As I write this, Donald Trump is about to win the South Carolina Republican primary even though most people predict he’d lose a two candidate race. The problem can be summed up with this (hypothetical) chart:

Percentage First choice Second choice Third choice
33% Trump N/A N/A
22% Rubio Cruz N/A
22% Cruz Rubio N/A
8% Bush Rubio Cruz
8% Kasich Rubio Cruz
7% Carson Cruz Rubio

Trump supporters tend to be pretty adamant about their candidate, so let’s suppose they wouldn’t bother to vote if he weren’t running. And let’s suppose that Cruz and Rubio supporters would rather have the other candidate rather than Trump. And let’s suppose Bush, Kasich and Carson are stealing votes that would go to one of the leading “not-Trump” candidates. In this scenario, it’s clear that Trump is only in play because the rest of the field is divided. He’d lose to Rubio in a two-candidate race.

This is precisely the sort of paradox that single transferable vote (STV) systems are designed to resolve. While the math can be daunting, the idea is rather simple. Instead of waiting for candidates to drop out, an STV system allows voters to rank their preferences and resolve the voting accordingly. So in the example above, Carson, as the least-supported candidate, would be dropped and his votes would be transferred to Cruz.1 The new tally would be:

Percentage First choice Second choice Third choice
33% Trump N/A N/A
29% Cruz Rubio N/A
22% Rubio Cruz N/A
8% Bush Rubio Cruz
8% Kasich Rubio Cruz

Then the process of dropping the candidate with the least votes would continue until some candidate gets a majority:

Percentage First choice
67% Rubio
33% Trump

It’s as simple as that.2

Moderators on Stack Exchange are elected using single transferable vote because we believe it provides the best method for representing the interests of broad and diverse communities.3 Instead of forcing voters to judge whether a candidate might be popular among other voters, the system allows people to vote their preferences without throwing away their vote on losing candidates.

"Well, I believe I'll vote for a third-party candidate!" "Go ahead, throw your vote away!"


My cousin, Mark Ericson, asked:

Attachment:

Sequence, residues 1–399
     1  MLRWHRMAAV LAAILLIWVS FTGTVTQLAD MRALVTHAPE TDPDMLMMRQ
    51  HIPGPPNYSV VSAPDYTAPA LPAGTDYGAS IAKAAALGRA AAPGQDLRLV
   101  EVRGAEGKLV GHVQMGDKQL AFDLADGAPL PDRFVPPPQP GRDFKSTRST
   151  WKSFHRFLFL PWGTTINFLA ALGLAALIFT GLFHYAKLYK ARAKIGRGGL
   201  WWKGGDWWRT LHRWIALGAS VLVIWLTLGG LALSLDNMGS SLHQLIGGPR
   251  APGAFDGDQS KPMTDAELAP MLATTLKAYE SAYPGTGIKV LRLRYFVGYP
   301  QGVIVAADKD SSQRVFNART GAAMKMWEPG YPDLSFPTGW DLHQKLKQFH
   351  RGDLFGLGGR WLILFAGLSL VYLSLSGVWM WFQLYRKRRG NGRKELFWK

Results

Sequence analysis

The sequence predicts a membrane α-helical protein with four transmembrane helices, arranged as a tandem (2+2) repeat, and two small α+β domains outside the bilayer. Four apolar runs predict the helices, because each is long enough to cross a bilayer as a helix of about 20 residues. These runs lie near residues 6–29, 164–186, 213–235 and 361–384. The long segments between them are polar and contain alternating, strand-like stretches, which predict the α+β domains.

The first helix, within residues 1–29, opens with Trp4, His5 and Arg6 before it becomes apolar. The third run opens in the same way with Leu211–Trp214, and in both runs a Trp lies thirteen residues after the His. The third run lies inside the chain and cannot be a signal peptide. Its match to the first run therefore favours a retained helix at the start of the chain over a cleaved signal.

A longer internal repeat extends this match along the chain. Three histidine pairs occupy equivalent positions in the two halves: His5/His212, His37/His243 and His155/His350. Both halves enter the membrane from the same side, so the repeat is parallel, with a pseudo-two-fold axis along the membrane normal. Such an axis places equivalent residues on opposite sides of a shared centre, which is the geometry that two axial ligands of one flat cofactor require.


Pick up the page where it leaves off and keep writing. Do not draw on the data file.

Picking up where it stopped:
Except in proportional states STV wouldn’t be dropping candidates until someone has a majority. It probably would be dropping candidates who don’t achieve sufficient votes to get at least one delegate. What would the results look like then?

I think the answer depends on how the parties want to divide up their delegates. Republicans award some South Carolina delegates to the winner of the entire state and other delegates to the winners of the congressional districts. The Democrats have something called superdelegates who aren’t committed to anyone until the convention. So the presidential primaries are the ultimate in political theater and the parties haven’t really put much time into making them fair.

It turns out the Super Tuesday states require a candidate to earn 15-20% of the vote in order to get a share of the delegates. STV systems can handle this quirk by setting a quota variable. In a two person race, the quota is a simple majority. But it can be set to anything at all if the election rules require it. If set to 20%, the results might look something like:

Percentage Candidate
38% Rubio
33% Trump
29% Cruz

Again, this is hypothetical. This method would be more fair to people who vote for a candidate who just falls short. Their votes transfer up. The existing system doesn’t have any way to account for voters secondary preferences, so there’s an incentive to vote only for people who are reasonably likely to get 20% of the vote.


  1. To simplify the explanation, I’m assuming all of the supporters of Carson would have identical preferences. In reality, other candidates, including Trump, would pick up some of those votes.

  2. Again, the real world is a bit more complicated because some people would have Trump as their second or third choice over Rubio. There would also be people who leave both Rubio and Trump off their ballots resulting in “wasted” votes. Finally, the party might decide it worthwhile to award delegates proportionally to, say, the top three candidates. On Stack Exchange, we use the more sophisticated Meek algorithm that solves all of these problems.

  3. Even the fact that we allow our users to select moderators at all is a bit unusual.